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SANTA CLARA — This is a portrait of the 49ers’ best player, DeForest Buckner.

Buckner is a defensive tackle and an artist. He likes sacking quarterbacks and drawing. In college, he was the Pac-12 defensive player of the year in 2015 and the winner of the breakout artist award in one of his art classes at the University of Oregon.

He won the football award for recording 10½ sacks his senior season. And he won the art award for a self-portrait called “King of Pop,” where he’s posing like Michael Jackson. Buckner used spray paint on a vinyl canvas for this piece.

He also has a tattoo portrait on his right arm of the statue of the Pietà by Michelangelo. It’s the Virgin Mary holding Jesus’ dead body. “I really like portraits,” Buckner said while standing in front of his locker.

Everyone agrees Buckner is special. He is the bright spot on a winless 49ers team, even if the stats don’t show it. He has just 1½ sacks this season. But he is the 49ers’ highest-graded player, according to head coach Kyle Shanahan.

“He’s tough to block,” Shanahan said. “He’s very good in the run game and the pass game. He’s got the ability to be a very good player in this league. I know he doesn’t have the sack numbers, but he gets after the quarterback a lot. Around the country, they’re going to notice the numbers. But from a coaching standpoint, what offensive coaches look at when they turn on the tape, he’s in the backfield, he gets to the quarterback, he affects a lot of the game.”

Shanahan appreciates Buckner. Robert Saleh, the 49ers’ defensive coordinator, loves Buckner. Here is Saleh’s ode to the young defensive tackle.

“First and foremost, he’s dominant in the run game. That’s his first job, to make sure he gets great penetration, sets edges and just wreaks havoc in the backfield as much as possible.

“Obviously in the pass game, same thing, being able to win one-on-ones and get to the quarterback. He’s done an unbelievable job at doing exactly what we ask him to do.

“There is an art to being able to penetrate and maintain your gap, and I believe he’s mastered that. He can penetrate and create knock-back, still maintaining his gap, and he wins constantly. He constantly wins one-on-ones.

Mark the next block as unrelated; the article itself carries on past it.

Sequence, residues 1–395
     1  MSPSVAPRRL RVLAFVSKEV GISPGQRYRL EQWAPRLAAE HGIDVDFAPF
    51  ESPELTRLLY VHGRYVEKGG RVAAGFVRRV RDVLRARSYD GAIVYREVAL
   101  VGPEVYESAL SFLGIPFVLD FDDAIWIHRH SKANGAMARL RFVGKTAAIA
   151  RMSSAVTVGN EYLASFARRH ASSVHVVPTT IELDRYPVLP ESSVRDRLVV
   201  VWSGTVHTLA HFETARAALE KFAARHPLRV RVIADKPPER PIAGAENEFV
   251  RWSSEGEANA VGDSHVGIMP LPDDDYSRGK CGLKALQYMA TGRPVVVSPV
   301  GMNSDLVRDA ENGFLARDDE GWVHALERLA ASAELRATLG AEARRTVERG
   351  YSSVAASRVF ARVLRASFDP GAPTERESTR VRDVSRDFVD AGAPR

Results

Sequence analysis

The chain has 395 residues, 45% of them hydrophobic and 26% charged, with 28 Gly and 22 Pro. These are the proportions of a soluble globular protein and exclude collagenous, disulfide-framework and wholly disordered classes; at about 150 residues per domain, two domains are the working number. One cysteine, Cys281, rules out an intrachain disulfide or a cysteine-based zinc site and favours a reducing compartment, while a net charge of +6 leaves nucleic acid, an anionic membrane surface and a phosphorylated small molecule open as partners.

“His sack total is not where he wants it to be, and teams are sliding protections toward him, completely eliminating him from the game. Now, as a D-line, we’ve all got to step up. All of us. If you get a one-on-one you have to win, otherwise teams will find a way to continue to neutralize him in the pass game.

“That’s the stuff that we’re trying to work through, to see if we can find more opportunities for him to get one-on-ones. Because when he is one-on-one, he’s winning. That’s why his pressure rate is so high. That’s what makes him unique; that’s what makes him special.”

That’s not the only thing that makes Buckner unique and special. He’s a giant — 6 feet, 7 inches. He’s of mixed race; black and Samoan. And he’s from Hawaii. He grew up in a small town on Oahu called Waianae.

“Where I grew up, people always say it’s the rougher side, tougher side of the island,” he says. “Sometimes you’ve got to be on guard depending on where you go. But I love where I grew up. It helped me shape the person I am. Just because I grew up being tough doesn’t mean I have to be tough all the time.”

Buckner is extremely tough and aggressive and violent on the field. But aggression and violence aren’t his favorite parts of his job.

“What I love is being able to perfect my craft every day. No matter what the record is, I always get an opportunity to perfect my craft.

:Every day I come in and see what I can work on to be better, to win better on pass rushes or fit better in the run game. That’s what I love. Being able to challenge myself every day. Trying to do something to perfect my game.

“The moves, the hand work — all of that is art. When you see a perfect pass by a quarterback, when he throws that bomb and it hits the receiver in stride, I see that as art, guys working on their craft. Everything we do in this game is our own art.”

What does Buckner see as his art?

“If you think about it,” he says, “you come in and do your job and make one big play every game. That’s the mindset. You do that, you’ll have a really good career. Everything else is extra.”

Thus speaks the artist on the art of football.

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